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Loosely coupled testing framework

Project description


Hitch is a loosely-coupled, isolated by design testing framework built upon python's
unittest that lets you write simple, easy to read and easy to debug tests for *any*
software (not just web apps and not just python apps).

Using Hitch you can very easily create and run tests like this::

- engine: engine.DjangoReminderTestExecutionEngine
description: Sign up, create reminder and wait for email reminder to arrive.
- Load website
- Click: Register
- Fill form:
Username: django
Password1: jazzguitar
Password2: jazzguitar
- Click: Create
- Create reminder:
Description: Remind me about upcoming gig.
Days from now: 30
- Wait for email:
Containing: Confirm E-mail Address
- Confirm emails sent: 1
- Time travel:
Days: 30
- Wait for email:
Containing: Remind me about upcoming gig.

...where each step is a 1-4 line method in the test execution engine, written in python, defined by you (e.g. def wait_for_email).

The engine for this partcular test is only 150 lines long and takes care of all of the following:

* Creating/setting up a virtualenv - the application's build step (test setup).
* Starting all 4 services required to run this app - Django, Celery, Redis, Postgres (test setup).
* Starting the two mock services required to test this app - Selenium browser (firefox) and the Mock SMTP server (test setup).
* A method to run all of the above steps (execution).
* Stopping all of the services (teardown).

Example project the test was written for:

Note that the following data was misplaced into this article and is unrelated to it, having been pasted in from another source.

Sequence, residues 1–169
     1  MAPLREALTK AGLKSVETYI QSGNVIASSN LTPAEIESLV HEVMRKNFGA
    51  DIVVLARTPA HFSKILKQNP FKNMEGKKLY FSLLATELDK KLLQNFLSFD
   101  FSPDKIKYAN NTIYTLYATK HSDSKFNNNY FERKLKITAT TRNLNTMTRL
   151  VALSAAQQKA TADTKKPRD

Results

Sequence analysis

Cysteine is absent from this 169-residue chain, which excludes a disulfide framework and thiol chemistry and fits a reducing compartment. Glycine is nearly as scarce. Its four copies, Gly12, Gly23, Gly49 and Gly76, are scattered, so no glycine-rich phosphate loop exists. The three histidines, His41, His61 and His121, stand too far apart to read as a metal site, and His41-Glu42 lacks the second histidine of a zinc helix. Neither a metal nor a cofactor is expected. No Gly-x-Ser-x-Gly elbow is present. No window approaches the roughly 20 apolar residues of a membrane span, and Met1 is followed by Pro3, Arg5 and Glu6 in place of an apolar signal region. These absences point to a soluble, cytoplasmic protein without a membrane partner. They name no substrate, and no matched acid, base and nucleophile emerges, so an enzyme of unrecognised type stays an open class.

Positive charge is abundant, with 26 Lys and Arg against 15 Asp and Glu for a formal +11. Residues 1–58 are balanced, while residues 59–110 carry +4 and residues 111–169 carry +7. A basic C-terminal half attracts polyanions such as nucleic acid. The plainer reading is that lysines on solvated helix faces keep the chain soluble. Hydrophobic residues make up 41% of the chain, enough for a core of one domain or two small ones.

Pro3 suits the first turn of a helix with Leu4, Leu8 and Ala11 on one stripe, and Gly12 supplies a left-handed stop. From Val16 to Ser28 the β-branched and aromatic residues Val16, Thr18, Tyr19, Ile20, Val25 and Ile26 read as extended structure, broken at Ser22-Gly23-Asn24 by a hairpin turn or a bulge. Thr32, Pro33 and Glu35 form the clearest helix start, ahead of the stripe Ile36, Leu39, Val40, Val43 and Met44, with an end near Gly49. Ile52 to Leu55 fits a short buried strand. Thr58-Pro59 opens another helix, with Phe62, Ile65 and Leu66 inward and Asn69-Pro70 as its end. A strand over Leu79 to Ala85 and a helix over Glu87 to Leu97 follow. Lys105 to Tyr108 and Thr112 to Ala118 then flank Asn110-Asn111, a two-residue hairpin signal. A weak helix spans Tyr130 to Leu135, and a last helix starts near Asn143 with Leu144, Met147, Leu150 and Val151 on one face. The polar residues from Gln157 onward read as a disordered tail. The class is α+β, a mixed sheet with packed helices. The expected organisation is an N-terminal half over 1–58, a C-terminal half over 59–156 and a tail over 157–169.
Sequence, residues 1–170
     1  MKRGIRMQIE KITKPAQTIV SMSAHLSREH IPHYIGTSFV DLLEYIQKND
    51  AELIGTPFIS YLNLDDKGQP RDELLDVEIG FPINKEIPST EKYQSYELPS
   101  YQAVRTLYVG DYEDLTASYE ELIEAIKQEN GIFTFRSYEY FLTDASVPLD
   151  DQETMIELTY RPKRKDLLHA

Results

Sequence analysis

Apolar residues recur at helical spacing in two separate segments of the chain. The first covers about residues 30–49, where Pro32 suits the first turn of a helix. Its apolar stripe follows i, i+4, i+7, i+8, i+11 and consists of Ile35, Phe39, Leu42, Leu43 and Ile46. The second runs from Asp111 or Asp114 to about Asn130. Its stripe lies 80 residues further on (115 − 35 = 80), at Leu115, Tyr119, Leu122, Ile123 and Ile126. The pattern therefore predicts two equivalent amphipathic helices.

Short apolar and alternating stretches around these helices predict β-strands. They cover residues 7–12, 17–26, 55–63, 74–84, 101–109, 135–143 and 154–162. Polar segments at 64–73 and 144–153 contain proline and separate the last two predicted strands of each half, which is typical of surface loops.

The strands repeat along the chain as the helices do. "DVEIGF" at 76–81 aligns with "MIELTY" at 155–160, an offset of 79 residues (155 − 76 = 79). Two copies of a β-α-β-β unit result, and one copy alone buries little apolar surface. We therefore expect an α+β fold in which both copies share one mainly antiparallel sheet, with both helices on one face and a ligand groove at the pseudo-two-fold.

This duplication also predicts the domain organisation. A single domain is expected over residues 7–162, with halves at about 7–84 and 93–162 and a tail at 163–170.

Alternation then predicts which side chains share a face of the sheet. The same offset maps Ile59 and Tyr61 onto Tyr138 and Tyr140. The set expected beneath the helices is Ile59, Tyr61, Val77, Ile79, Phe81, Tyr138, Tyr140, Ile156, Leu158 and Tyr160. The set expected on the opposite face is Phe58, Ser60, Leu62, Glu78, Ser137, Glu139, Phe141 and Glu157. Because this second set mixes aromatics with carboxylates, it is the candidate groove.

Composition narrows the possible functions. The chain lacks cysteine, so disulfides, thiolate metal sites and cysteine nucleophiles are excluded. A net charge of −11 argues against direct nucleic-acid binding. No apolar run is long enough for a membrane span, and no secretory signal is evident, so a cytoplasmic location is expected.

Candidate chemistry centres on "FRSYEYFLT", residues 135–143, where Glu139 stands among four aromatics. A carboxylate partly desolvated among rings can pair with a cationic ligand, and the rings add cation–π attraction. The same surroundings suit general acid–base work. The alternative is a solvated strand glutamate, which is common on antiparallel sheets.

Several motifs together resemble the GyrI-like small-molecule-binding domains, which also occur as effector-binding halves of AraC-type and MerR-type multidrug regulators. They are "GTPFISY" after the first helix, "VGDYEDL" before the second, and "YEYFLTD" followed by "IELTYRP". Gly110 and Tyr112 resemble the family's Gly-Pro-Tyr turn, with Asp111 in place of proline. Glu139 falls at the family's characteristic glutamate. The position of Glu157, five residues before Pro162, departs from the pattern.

Example test script, execution engine and settings for the project:

Unique Features of Hitch

* Very loosely coupled - changing the framework to accomodate your specific requirements should be easy compared to other more inflexible and tightly coupled testing frameworks that make assumptions about your environment.
* Enforces clean separation of concerns - the tests are written with a clean, non-turing complete test description language, helping keep test interaction code and scenario descriptions separate. The engine that runs them is written in python.
* Simple test description language - it is possible to make your tests readable and even writable by non-programmers without sacrificing power.
* ...that does not reinvent the wheel - the test description language is very basic, and built using YAML + Jinja2. If you have used ansible or salt, you will appreciate the simplicity and ease of this approach.
* Highly optimized - the service orchestration portion starts and tracks services in parallel, making use of epoll/kqueue to do so. Say goodbye to sleeps. Say hello to much faster functional tests!
* Mock the passage of time - during your test you can pass a new time to your applications during scenarios that are time sensitive. Hitch uses a C library called libfaketime_ to invisibly feed a new UNIX system time to your services without changing your system time. Note that some types of code may not work well with this library due to the way that they read system time (e.g. node.js, Java).